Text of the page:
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Harvard’s Undergraduate Council voted to publicize a student experience survey that will guide its future advocacy efforts during a general meeting held over Zoom on Sunday, its first in over a month.
Council secretary Nicholas J. Brennan ’23 sent out the anonymous survey in an email to students Monday. It includes questions about students’ virtual learning experience, health, wellbeing, and engagement with student life.
According to the email, the Council will be using the results of the survey to ensure its advocacy efforts reflect the views of the student body about grading policies and options for the fall semester.
In a message to Harvard affiliates that came just hours later, University Provost Alan M. Garber ’76 wrote Harvard would be open, either online or in person, for fall 2020, ruling out a postponement of the upcoming semester. Dean of the Faculty of Arts and Sciences Claudine Gay later wrote in an email to faculty and staff that the FAS would reach a decision on its fall term’s format no later than July.
UC President and Vice President James A. Mathew ’21 and Ifeoma “Ify” E. White-Thorpe ’21 sent another email to undergraduates on Tuesday to again encourage students to complete the survey. In the email, Mathew and White-Thorpe wrote that the survey received 774 responses after the first day.
The Council designed the survey, which is designed to take 20 minutes to complete, in consultation with administrators from the Dean of Students Office, Office of Undergraduate Education, First-Year Experience Office, Harvard University Health Services, and Counseling and Mental Health Services.
Leverett House representative Jenny Y. Gan ’22, who helped create the survey, wrote in an email to The Crimson that the UC Student Experience Survey’s goals have not changed much in light of Garber’s announcement.
“I was not, and to the best of my knowledge neither were fellow representatives, aware of Provost Garber’s email announcement ahead of time, despite communicating with a number of administrators about the survey during its development,” Gan wrote. “Regardless, the survey’s primary intention is to gain a better understanding of how this transition has influenced the academic experience, extracurricular engagement, and health and wellbeing of students.”
She added that she and other Council members still hope to use the survey’s results to make recommendations to administrators about "where they should focus their time and resources" if the fall semester is virtual.
The Council also debuted a new logo and discussed revamping its website at Sunday’s meeting. The UC website has not yet been updated to reflect the activities of the current Council, including the information about current Council representatives and the current Council president and vice president.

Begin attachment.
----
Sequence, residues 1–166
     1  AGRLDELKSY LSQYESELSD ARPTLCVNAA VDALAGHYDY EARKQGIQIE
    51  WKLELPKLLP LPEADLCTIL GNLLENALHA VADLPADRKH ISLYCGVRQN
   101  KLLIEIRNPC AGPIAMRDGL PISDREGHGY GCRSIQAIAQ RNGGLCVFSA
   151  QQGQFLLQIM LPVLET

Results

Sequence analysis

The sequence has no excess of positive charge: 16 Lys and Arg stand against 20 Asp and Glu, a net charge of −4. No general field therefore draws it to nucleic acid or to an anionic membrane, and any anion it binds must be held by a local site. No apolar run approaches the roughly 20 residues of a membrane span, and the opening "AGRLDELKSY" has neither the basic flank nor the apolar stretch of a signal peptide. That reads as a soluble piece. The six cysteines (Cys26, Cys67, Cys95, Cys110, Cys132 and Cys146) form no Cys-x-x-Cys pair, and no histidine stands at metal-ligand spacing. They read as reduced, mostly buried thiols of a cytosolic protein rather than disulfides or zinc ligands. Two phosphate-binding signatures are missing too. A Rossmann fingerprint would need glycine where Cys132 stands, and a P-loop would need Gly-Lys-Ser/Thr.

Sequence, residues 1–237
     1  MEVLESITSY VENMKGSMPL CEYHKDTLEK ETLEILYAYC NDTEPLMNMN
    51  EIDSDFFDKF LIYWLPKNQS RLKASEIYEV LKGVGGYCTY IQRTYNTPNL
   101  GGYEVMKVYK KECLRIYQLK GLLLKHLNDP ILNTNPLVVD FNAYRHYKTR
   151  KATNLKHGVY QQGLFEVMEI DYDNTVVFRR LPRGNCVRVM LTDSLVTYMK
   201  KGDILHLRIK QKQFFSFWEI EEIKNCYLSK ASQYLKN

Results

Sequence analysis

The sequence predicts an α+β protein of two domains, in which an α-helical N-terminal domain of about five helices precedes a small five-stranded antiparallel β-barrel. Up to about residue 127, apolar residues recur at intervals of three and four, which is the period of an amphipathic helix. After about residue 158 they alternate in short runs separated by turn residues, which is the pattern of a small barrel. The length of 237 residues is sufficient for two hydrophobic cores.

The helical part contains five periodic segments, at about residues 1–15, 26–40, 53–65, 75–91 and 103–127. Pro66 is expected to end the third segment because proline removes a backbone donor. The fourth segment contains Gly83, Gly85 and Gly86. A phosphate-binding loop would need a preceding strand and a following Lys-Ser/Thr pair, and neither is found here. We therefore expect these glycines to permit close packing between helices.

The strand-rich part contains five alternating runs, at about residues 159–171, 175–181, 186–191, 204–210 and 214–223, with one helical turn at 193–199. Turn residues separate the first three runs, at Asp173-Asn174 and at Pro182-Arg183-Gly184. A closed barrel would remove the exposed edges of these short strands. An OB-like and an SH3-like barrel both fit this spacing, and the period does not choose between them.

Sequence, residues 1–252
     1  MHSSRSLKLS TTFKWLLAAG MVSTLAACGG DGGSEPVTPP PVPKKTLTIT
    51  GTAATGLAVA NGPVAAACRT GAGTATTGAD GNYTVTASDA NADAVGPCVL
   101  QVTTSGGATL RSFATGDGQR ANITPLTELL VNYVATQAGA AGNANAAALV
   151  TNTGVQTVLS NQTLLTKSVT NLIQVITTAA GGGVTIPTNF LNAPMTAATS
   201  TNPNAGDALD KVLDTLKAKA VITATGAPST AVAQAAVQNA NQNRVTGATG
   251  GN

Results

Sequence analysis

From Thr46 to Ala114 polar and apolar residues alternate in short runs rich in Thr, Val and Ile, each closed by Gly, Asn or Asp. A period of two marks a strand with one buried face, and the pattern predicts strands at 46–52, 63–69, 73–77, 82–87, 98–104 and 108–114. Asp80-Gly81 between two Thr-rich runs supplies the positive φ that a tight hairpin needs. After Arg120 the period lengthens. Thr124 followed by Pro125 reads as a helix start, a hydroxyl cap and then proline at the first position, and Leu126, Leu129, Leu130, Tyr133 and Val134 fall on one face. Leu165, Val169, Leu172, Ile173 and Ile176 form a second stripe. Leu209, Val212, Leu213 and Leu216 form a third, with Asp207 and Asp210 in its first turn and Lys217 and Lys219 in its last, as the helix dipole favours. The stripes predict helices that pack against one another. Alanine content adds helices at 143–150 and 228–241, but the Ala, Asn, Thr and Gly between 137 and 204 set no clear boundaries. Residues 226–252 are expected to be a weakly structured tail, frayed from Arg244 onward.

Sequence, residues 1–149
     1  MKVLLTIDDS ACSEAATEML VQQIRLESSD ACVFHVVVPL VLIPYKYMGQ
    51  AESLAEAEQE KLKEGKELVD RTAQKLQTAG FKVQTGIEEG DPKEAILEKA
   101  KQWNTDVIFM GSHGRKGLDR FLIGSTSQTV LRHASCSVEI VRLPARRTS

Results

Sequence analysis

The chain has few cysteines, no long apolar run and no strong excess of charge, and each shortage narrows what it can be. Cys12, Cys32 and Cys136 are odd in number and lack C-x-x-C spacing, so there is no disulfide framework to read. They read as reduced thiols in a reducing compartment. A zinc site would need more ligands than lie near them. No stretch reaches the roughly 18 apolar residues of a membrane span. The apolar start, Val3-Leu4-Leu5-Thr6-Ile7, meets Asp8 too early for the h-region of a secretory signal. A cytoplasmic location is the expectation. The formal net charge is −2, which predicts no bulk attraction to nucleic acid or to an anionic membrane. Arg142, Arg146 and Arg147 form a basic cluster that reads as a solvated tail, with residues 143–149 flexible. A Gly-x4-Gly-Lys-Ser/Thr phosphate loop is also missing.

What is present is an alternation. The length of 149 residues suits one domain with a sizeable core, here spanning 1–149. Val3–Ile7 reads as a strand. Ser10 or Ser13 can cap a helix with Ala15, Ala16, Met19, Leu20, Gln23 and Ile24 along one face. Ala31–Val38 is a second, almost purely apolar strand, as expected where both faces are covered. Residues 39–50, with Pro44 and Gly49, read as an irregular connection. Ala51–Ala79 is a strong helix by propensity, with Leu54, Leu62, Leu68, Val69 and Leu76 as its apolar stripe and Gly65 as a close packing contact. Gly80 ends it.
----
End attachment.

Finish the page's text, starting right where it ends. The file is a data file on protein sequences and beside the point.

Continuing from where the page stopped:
Additionally, Mathew and White-Thorpe announced at the meeting intentions for the Council to become active in Boston Intercollegiate Government. Boston University Student Government President Hafzat Akanni was a special guest at the meeting, where she spoke about her experiences with Boston Intercollegiate Government.
The Council also passed legislation updating its policies regarding funding procedures and guidelines for student organizations. Under the updated policy, registered social organizations are not eligible to obtain grants from the Council. The updated policy also requires club events funded by the Council’s Finance Committee grants to be eligible for the Student Events Fund, which subsidizes ticket costs to students on significant financial aid.
For recognized student organizations, the updated policy states the UC will consider an organization’s procedure for admitting new members to determine if that organization is eligible to receive funding.
The Council also passed legislation that allows it to collect budget information from recognized social organizations. According to the legislation, the Council will use the budget information to help it allocate funding.
Finance Committee chair and Eliot House representative Rukmini “Mini” Ganesh ’22 addressed concerns that organizations may underreport their finances.
“We’re going to pick a small selection randomly and audit them each year,” Ganesh said.
At Sunday’s meeting, the Council also passed legislation that would modify the constitution of the Council to allow meetings to be held during summer vacation with the approval of a majority of the Council. Previously, the constitution of the Council stated the Council would not meet during vacations or exam period. Kirkland House representative Carter H. Nakamoto ’21 proposed the legislation.
“The odds are pretty good that we are going to have to drastically restructure what the Council is going to look like — whether or not we’re back on campus for the fall — in order to take into account what has happened and the impacts it’s had on people,” Nakamoto said.
—Staff writer Sharon Xu can be reached at email@example.com.
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